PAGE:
The two warring images will be linked forever, each denying -- and completing -- the other: Christopher Reeve, built and beautiful in his Superman suit, roaring invincibly into the stratosphere. And Christopher Reeve, strained and drawn, hooked to a ventilator and living another motionless day in his wheelchair. The cartoon hero had suffered a horrible fall and emerged as a real-life hero.
And yet Reeve, who died of heart failure Sunday at 52, always sounded a little appalled at the thought that people might consider him heroic. A devastating May 1995 riding injury had left him paralyzed, to be sure; in some quarters he bore the lurid title of the most famous quadriplegic in history. But he always pointed out that when the accident happened, he was a famous, well-off and well-connected movie actor who had advantages that were unavailable to most. "I haven't had to sell my house and end up in a nursing home," he said in a 1998 interview marking the publication of his memoir, "Still Me." "So that sets me apart from the people I regard as heroes. I truly mean that."
Christopher Reeve at an equestrian event a year before his 1995 riding accident. "It saddens me sometimes," he said a few years later, "that just when everything had come together I went out and ruined it."
(Daniel Hulshizer -- AP)
On that afternoon six years ago he was doing what he could to stimulate book sales, certainly, but what kept him speaking for 3 1/2 hours was a higher and broader purpose: Reeve was by then the nation's most visible advocate for paralysis research. (He retained that mantle for the rest of his life and was a vigilant advocate of stem-cell research.) It had become nearly a full-time job, and he saw every interview, every camera setup as an opportunity to promote the cause.
"The cure," he said, "is just around the corner."
Toward that end he was forever in training -- legs one day, arms the next, abs the next. "All the scientists who are working on solving the problem of curing paralysis say that it won't do you any good if you don't keep your body in shape," he noted.
Reeve sat tall in his industrial-strength wheelchair, and his broad, immobilized musculature was somehow a little daunting. But the smile was immediate, and his attitude friendly and helpful throughout.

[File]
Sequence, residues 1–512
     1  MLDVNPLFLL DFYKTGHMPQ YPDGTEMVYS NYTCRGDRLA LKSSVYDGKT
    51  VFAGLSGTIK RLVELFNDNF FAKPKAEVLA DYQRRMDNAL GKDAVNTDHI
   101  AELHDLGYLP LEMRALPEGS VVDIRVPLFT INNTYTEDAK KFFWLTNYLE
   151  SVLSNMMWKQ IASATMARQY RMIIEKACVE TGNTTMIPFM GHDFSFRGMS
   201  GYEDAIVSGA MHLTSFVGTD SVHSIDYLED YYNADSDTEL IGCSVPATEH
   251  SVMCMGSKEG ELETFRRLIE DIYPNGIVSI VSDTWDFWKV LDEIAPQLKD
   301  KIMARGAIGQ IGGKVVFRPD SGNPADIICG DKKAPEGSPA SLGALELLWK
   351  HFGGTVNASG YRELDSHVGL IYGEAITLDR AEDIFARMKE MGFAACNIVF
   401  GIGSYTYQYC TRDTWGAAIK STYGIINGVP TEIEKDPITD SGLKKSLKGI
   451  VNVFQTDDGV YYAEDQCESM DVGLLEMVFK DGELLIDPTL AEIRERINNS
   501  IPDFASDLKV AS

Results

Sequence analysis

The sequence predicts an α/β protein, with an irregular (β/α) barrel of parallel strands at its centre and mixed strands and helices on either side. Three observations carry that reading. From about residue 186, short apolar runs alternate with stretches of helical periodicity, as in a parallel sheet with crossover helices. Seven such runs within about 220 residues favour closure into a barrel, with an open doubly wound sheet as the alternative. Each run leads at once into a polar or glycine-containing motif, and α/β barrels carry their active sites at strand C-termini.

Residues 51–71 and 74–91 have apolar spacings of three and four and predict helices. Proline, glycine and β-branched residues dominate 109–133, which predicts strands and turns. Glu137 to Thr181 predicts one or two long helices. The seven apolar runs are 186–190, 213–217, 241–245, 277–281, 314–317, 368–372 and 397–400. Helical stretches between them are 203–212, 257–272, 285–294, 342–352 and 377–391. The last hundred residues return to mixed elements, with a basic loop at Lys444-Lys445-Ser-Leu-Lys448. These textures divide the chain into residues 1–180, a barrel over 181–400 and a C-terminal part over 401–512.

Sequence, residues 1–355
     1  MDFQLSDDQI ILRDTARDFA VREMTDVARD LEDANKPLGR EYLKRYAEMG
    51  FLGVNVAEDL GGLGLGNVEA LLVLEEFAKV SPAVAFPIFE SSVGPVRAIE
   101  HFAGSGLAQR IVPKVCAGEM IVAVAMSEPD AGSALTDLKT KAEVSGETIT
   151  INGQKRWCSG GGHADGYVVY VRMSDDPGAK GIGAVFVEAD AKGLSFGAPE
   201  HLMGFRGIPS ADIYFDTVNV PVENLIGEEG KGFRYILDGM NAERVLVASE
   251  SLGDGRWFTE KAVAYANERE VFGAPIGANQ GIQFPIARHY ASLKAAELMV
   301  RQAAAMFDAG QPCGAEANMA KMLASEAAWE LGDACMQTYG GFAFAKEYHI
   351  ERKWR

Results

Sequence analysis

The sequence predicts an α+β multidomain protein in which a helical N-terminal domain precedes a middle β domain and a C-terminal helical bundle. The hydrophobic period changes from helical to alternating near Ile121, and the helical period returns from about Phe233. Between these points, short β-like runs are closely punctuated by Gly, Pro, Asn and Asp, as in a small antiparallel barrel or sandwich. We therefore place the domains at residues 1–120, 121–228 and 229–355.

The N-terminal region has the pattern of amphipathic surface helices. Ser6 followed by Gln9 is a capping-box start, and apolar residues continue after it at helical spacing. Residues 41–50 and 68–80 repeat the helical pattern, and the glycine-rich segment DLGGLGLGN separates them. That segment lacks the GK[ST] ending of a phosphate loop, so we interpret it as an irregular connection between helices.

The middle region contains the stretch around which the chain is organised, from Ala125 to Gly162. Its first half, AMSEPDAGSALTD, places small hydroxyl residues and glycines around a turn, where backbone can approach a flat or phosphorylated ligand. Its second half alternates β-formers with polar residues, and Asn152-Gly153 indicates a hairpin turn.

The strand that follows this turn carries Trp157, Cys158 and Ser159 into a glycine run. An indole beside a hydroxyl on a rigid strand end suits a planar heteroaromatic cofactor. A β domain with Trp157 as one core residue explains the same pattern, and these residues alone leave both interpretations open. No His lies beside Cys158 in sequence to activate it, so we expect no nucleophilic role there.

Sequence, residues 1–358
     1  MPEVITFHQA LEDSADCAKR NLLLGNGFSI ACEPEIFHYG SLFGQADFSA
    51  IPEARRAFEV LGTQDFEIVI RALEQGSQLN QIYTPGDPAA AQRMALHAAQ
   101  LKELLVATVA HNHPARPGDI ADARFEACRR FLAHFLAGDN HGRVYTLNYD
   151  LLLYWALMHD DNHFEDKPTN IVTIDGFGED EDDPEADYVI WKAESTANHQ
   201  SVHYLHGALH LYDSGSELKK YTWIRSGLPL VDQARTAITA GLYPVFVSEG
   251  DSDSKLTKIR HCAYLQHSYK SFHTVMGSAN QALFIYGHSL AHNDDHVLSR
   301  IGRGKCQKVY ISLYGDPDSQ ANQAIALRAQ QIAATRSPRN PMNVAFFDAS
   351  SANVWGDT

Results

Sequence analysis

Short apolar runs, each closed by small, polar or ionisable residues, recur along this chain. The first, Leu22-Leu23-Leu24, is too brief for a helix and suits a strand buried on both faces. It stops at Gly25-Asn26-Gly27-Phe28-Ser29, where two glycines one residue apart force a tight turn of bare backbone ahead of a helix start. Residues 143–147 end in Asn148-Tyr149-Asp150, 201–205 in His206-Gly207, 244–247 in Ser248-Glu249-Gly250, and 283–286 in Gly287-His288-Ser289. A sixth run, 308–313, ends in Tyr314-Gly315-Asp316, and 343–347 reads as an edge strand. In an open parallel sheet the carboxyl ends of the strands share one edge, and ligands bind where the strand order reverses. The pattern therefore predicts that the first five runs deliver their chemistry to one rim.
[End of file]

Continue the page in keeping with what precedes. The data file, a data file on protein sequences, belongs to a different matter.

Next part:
"If you need to tape this," he said at the start, "just put the recorder here on my thigh."
In his book but also in person, Reeve was forthright about the hardships and indignities of paralysis: the getting-up and getting-to-bed rituals that could run to five hours on a bad day, the utter lack of spontaneity, the daily manipulation of his bowel. ("I'm turned on my side, and the aide pushes on my stomach with his fist in order to force stool down through the intestines. . . . Sometimes it can take nearly an hour.")
But his wheezy, labored speech and a certain reticence tended to keep his emotions hidden from outsiders. Though at one point he did calmly murmur, "It saddens me sometimes that just when everything had come together I went out and ruined it." (His "everything" had much to do with his 1992 marriage to his wife, Dana, whose devotion to him has been quite visible through the years.)
Still, tearing through the Virginia countryside on horseback -- he fell during a cross-country race in Culpeper -- was utterly in character. Though he insisted he was never foolhardy, Reeve's recreational pursuits were always marked by a touch of daring -- sailplanes, skiing, two solo flights across the Atlantic. The same streak showed up in his career: He was a solid, somewhat underrated actor who was not at all afraid to be shown up by the best.